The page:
• Must be a New York resident with a physical address
  • Must be 18 or older when assigned
  • Licensed to do business in New York (for registered agent services).
  • Is available in person to receive documents

Choose a registered agent vs. become one

There are many things to consider when selecting a registered agent service for your LLC. If you choose to serve as your own and primarily do business from your home, your home address becomes tied to the business, which means that:

  • Your home address becomes public information
  • You may receive more marketing or junk mail from companies who purchase mailing lists from the Secretary of State
  • In the event you are served legal papers, your family, friends, and neighbors may witness this, which can be embarrassing
  • Anytime you move, you will have to update your address with the Secretary of State

LLCs that have not appointed a registered agent risk losing their status and the added asset protection that comes with owning an LLC. You may also miss tax and compliance deadlines or not know that your business is being sued. This could result in added fines or legal consequences that negatively impact your business.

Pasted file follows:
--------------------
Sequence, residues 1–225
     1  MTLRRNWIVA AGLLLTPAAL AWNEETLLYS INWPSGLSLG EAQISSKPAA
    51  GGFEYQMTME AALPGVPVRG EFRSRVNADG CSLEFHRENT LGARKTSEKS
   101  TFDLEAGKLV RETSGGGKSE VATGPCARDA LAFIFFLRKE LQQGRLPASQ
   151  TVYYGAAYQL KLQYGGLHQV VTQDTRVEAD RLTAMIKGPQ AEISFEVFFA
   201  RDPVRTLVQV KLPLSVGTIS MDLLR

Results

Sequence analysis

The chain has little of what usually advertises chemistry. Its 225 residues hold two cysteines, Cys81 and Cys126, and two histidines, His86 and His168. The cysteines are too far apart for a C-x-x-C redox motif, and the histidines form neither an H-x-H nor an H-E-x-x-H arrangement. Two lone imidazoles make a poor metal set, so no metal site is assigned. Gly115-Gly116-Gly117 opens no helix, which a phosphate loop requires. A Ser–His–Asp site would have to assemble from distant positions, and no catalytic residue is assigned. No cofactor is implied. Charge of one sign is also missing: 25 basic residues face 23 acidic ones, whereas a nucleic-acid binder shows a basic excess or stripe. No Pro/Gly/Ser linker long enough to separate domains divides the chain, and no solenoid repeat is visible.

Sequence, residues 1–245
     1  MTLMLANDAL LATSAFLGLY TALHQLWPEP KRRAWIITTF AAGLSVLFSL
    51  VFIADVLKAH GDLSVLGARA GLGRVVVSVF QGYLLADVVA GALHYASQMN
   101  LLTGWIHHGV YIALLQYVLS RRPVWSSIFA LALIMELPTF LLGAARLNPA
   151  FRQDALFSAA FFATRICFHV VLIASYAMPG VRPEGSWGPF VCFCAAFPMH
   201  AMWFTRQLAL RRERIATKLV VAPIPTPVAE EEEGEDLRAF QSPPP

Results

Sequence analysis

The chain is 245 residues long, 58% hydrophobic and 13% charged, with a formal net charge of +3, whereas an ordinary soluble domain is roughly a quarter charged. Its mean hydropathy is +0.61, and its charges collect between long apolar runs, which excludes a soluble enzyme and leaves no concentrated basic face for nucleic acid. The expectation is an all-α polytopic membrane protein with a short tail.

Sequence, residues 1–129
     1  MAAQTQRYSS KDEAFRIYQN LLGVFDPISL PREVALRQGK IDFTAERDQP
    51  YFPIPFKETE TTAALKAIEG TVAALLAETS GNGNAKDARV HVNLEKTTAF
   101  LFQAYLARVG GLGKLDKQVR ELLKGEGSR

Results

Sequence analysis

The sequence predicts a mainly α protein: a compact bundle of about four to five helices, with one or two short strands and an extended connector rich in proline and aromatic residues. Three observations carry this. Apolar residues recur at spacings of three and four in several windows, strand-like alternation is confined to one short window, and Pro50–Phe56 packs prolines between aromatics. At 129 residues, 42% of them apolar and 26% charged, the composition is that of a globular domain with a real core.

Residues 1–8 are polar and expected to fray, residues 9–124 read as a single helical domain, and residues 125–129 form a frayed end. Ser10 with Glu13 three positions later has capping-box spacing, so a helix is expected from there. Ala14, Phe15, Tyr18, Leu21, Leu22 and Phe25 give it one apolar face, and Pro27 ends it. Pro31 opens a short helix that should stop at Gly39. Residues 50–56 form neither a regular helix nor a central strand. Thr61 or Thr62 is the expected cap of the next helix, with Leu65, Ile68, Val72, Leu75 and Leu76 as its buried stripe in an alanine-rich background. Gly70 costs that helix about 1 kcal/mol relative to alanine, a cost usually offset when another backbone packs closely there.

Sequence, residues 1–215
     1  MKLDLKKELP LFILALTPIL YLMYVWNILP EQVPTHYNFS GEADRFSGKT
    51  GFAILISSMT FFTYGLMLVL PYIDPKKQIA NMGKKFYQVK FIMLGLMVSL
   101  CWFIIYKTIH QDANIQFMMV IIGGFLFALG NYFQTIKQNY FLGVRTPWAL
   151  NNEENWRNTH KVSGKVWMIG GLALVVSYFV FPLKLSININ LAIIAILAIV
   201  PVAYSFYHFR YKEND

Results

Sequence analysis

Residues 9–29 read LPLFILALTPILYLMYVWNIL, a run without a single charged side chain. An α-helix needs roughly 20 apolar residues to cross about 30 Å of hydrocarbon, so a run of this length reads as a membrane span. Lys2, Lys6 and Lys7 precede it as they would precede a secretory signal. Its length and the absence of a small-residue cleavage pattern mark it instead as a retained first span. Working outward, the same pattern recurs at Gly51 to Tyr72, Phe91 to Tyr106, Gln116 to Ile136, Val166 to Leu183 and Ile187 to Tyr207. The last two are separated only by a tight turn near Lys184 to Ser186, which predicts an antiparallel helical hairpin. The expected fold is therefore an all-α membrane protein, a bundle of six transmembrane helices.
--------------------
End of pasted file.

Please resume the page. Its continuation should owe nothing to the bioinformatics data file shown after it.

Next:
Step 3. File and Submit the Certificate of Formation

In New York, a limited liability company must file an Articles of Organization or a Certificate of Formation. A certificate of formation defies the LLC's purpose, location, and members. You file the Articles of Organization with the Department of State under Section 203 of the Limited Liability Company Law.